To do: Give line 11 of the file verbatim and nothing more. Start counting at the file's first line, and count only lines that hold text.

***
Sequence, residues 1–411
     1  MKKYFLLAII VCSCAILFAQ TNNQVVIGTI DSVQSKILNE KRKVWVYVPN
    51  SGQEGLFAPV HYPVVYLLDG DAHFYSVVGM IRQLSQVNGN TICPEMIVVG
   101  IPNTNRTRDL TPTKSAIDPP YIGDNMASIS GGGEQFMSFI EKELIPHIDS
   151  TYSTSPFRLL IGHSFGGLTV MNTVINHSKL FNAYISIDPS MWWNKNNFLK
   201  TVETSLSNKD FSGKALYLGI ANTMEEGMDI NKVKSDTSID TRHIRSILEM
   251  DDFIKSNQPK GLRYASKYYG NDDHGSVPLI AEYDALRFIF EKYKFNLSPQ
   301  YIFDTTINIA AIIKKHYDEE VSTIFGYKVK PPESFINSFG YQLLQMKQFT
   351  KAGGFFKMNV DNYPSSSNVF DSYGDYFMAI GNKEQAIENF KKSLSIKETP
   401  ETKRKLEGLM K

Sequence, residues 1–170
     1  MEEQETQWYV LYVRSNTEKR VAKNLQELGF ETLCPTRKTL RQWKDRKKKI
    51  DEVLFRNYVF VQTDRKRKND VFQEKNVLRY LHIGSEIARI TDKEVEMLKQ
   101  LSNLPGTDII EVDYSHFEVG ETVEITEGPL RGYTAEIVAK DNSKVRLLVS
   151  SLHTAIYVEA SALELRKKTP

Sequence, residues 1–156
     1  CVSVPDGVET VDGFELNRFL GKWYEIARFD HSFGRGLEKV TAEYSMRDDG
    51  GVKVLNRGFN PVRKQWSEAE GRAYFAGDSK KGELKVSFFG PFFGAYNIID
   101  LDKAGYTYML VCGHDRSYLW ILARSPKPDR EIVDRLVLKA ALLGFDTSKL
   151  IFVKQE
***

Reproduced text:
Sequence, residues 1–170